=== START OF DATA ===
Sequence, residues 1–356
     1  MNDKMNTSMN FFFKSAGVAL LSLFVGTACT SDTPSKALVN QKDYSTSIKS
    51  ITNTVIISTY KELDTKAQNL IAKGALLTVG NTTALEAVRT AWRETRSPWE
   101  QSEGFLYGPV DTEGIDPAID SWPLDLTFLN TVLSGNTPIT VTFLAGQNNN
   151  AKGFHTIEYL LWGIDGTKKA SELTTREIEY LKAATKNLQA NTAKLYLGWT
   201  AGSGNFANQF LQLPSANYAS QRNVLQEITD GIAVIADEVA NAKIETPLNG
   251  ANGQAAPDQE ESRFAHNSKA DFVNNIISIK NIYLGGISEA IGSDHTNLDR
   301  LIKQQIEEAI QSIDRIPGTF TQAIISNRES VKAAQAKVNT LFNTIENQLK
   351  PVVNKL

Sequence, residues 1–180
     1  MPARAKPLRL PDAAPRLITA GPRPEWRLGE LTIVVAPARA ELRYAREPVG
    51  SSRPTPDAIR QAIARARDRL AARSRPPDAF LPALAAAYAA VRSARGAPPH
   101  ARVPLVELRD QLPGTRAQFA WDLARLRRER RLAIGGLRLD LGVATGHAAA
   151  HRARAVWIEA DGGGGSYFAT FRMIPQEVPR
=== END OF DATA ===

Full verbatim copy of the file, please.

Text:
Sequence, residues 1–356
     1  MNDKMNTSMN FFFKSAGVAL LSLFVGTACT SDTPSKALVN QKDYSTSIKS
    51  ITNTVIISTY KELDTKAQNL IAKGALLTVG NTTALEAVRT AWRETRSPWE
   101  QSEGFLYGPV DTEGIDPAID SWPLDLTFLN TVLSGNTPIT VTFLAGQNNN
   151  AKGFHTIEYL LWGIDGTKKA SELTTREIEY LKAATKNLQA NTAKLYLGWT
   201  AGSGNFANQF LQLPSANYAS QRNVLQEITD GIAVIADEVA NAKIETPLNG
   251  ANGQAAPDQE ESRFAHNSKA DFVNNIISIK NIYLGGISEA IGSDHTNLDR
   301  LIKQQIEEAI QSIDRIPGTF TQAIISNRES VKAAQAKVNT LFNTIENQLK
   351  PVVNKL

Sequence, residues 1–180
     1  MPARAKPLRL PDAAPRLITA GPRPEWRLGE LTIVVAPARA ELRYAREPVG
    51  SSRPTPDAIR QAIARARDRL AARSRPPDAF LPALAAAYAA VRSARGAPPH
   101  ARVPLVELRD QLPGTRAQFA WDLARLRRER RLAIGGLRLD LGVATGHAAA
   151  HRARAVWIEA DGGGGSYFAT FRMIPQEVPR